Portrait of Steve Penny 2012

These documentaries are infuriating and eye-opening. The victims in these situations cease to be real people to the abusers They are pawns used to meet the abusers needs. Steve Penny is also an abuser because he enabled the doctor to have access to the girls after the abuse was reported. He needs to be held accountable, too.

How do you feel about the situation? Leave a comment! I’d love to hear from you!

 

 

Posted in Family, quarantine, raising kids, Reading, social media

Quarantine: Week Two

 

Hello everyone, I hope all is well with you. My family and I have gotten through another week of quarantine and we haven’t lost our minds…yet. I’ve been putting my story together and I’m getting more and more excited. I’ve written this story differently than my other stories and I really like how it has turned out. I can’t wait to see the finished product.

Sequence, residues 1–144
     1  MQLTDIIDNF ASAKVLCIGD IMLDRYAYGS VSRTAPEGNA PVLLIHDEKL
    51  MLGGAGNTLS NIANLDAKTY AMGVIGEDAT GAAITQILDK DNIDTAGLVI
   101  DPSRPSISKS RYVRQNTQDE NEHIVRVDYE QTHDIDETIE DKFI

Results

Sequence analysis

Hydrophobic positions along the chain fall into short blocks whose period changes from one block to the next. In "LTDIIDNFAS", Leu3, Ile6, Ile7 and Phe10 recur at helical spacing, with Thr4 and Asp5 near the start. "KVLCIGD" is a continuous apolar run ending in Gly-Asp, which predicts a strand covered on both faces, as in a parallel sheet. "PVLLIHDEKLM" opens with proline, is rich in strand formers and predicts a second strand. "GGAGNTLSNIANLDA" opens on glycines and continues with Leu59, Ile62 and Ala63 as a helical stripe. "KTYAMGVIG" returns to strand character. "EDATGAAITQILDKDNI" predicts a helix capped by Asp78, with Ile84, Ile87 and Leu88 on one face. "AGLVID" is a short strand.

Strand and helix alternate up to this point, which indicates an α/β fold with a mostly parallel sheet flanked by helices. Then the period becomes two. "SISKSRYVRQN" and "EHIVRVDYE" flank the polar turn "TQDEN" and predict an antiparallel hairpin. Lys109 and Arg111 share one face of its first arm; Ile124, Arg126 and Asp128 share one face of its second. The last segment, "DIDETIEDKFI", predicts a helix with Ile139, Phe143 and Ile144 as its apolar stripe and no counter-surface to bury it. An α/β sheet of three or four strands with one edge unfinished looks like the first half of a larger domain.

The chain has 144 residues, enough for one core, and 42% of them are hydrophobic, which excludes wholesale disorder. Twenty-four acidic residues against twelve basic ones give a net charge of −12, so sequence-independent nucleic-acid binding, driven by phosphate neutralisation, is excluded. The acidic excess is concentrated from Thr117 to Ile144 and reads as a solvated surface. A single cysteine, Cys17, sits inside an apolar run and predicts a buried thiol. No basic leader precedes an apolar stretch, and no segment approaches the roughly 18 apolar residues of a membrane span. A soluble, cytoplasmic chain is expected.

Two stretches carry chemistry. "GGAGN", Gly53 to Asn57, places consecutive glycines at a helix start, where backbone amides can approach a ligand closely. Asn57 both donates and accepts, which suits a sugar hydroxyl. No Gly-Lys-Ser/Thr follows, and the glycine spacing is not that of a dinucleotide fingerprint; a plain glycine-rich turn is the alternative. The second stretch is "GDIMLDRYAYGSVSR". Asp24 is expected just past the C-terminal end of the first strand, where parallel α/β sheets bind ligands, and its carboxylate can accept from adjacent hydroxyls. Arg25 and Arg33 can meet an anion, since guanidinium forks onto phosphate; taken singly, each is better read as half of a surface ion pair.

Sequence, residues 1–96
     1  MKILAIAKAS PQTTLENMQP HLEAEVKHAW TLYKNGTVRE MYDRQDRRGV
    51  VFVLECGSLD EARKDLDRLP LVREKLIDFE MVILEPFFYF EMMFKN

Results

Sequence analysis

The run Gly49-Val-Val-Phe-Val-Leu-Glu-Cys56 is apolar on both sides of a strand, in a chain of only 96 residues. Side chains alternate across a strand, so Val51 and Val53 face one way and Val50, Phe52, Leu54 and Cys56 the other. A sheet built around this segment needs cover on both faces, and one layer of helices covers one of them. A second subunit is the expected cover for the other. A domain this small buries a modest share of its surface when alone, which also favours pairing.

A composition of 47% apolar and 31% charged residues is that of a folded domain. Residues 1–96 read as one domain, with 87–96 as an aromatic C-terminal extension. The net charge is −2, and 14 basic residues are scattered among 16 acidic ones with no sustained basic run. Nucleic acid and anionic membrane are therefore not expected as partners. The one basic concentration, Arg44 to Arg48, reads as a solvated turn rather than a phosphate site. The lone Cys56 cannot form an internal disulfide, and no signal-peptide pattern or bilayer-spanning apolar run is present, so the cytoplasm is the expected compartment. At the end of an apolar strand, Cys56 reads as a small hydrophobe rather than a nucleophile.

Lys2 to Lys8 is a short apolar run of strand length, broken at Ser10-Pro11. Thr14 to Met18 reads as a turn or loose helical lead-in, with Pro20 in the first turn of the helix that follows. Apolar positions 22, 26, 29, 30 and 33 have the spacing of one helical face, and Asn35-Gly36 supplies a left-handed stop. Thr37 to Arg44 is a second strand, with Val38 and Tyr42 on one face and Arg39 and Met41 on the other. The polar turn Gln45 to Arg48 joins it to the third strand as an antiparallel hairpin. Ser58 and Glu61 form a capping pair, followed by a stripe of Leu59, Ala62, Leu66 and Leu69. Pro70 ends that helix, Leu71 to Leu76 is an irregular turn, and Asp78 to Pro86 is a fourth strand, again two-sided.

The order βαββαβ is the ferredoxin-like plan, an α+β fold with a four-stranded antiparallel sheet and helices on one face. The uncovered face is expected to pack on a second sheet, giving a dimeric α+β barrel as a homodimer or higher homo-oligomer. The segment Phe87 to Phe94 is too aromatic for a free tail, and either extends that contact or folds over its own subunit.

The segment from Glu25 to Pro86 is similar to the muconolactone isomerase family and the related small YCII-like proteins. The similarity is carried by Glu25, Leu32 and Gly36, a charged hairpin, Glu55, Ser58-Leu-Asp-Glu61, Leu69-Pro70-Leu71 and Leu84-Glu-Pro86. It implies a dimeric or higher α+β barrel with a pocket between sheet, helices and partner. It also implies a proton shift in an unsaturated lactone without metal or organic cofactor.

Photo on VisualHunt.com

So far, my family and I have stayed healthy, so the quarantine is working for us. It has also brought us closer together with late night Uno games and binge-watching Netflix. I love hanging with my kids.

 

Photo credit: hannah.rosen on Visual hunt / CC BY

But this quarantine can be hard on people who don’t have a family. People who live alone can become depressed and lonely. So, check on your friends who live alone, send them a text to make sure they’re okay. This is a time to stay connected even if we can’t get together.